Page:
Even the Charity Commission leadership, who should know more than anyone about the diversity of the sector, has taken to associating registered charities with the “spirit of charity” characterised as altruism, selflessness and compassion. This has two massive problems: firstly, that is not a satisfactory description of all sorts of charitable endeavour from sport to education to environmental protection; and secondly, that it encompasses a multitude of civil society and public sector organisations that are not in the charitable sector at all. Can anyone these days say that altruism, selflessness and compassion are distinctive hallmarks of charities rather than frontline NHS workers? And what about all those wonderful voluntary organisations that are not charities?
It has to be said that the Charity Commission is not the only one to slide over the distinction between registered charities and other voluntary organisations: even sector think tanks, pundits and the sector journals can sometimes refer to civil society and charities as if they are interchangeable.
Yet another common simplification is to talk of charities as if they were all secular. For reasons that require another blog, if not a book, in their own right, in much of the discourse and thinking about charities today the massive contingent of organisations for the advancement of religion, which attract one pound for every five pounds donated to charities, are airbrushed out of the picture, as if they are really a quite separate subject (except in so far as they also do social service of some kind).
Thus, even organisations and individuals with a relatively high level of knowledge about the charity sector, nonetheless find it difficult to avoid one or other of these partial, inadequate descriptions. We can all find ourselves “doing a Sunak” when we try to generalise about our diverse sector. That applies all the more to a large majority of the public, who, we learn from the Charity Commission's research, associate the word “charities” with no more than about nine big name, national, secular charities. Ask a sample of 2000 whether they and their families and friends have received a service of any kind from a charity, and a majority says no. Yet show the same sample a shortlist of real-life charities, and a very large majority says yes. In other words, the public does not know what is a charity and what is not, and hence has no idea of the diverse nature of the sector.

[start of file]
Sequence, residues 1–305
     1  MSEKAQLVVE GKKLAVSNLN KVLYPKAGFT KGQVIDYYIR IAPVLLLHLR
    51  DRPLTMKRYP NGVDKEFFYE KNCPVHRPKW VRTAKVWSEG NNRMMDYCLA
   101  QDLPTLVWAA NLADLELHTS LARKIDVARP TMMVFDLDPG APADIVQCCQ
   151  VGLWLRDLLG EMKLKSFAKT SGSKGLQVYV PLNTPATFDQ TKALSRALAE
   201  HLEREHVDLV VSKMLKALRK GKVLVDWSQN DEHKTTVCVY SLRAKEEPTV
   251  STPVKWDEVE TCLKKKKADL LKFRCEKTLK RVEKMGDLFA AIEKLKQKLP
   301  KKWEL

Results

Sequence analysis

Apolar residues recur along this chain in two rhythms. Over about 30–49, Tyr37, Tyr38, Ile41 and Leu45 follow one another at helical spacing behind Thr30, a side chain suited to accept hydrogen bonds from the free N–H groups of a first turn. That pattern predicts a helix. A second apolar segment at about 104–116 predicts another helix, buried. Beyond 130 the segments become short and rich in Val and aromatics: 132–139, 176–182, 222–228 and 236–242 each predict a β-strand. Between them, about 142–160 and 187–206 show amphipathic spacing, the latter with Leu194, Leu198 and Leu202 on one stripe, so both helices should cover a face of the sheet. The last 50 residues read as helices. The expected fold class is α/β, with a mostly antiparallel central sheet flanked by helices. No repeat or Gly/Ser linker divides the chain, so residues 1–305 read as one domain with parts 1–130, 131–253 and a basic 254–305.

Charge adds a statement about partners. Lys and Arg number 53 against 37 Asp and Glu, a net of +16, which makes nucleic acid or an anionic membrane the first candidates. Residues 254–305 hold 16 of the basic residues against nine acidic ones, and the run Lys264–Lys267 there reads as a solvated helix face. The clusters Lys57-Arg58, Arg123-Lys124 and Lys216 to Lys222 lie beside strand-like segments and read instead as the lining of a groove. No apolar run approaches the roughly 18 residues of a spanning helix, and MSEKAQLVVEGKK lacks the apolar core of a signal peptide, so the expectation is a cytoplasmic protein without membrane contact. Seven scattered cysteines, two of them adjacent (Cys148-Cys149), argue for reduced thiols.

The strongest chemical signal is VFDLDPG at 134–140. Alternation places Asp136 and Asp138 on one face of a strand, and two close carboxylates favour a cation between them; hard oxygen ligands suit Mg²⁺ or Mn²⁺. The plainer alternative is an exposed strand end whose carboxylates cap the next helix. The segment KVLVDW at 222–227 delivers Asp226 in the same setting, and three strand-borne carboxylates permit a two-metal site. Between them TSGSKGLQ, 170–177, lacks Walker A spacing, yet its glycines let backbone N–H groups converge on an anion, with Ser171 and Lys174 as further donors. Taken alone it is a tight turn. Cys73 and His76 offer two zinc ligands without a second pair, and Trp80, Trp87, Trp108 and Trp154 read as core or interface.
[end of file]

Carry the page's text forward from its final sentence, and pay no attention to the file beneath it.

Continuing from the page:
How should we view the sector?
So is there anything sensible one can say about the charity sector as a whole, apart from the fact that it is extremely diverse and very widely misunderstood? Yes!
Charities must be pursuing objects that parliament has decided are charitable, and they must be registered/officially recognised as a charity. They are therefore not the same as the much bigger category of civil society.
- They must be for the public benefit, as defined in case law and in Charity Commission guidance.
- They must be independent.
- They must be voluntary, existing because citizens have identified a cause and want to do something about it themselves.
- They are therefore run (almost always) by volunteer trustees and typically rely at least in part on voluntary donations.
- In return for the status and privileges of charities, they must comply with charity law and regulatory requirements.
When we talk about the charity sector, let us use those as, in combination, the defining characteristics of all charities (not more nebulous, partial and unsatisfactory descriptors such as gentleness, compassion, and altruism). Within that framework, let us honour the rich diversity of charities, secular and religious, big and small, staffed and unstaffed, contentious and uncontentious, gentle and rough, in all the categories of activity that Parliament has decided are charitable. Let us, therefore, try hard never to describe one part as if it were the whole.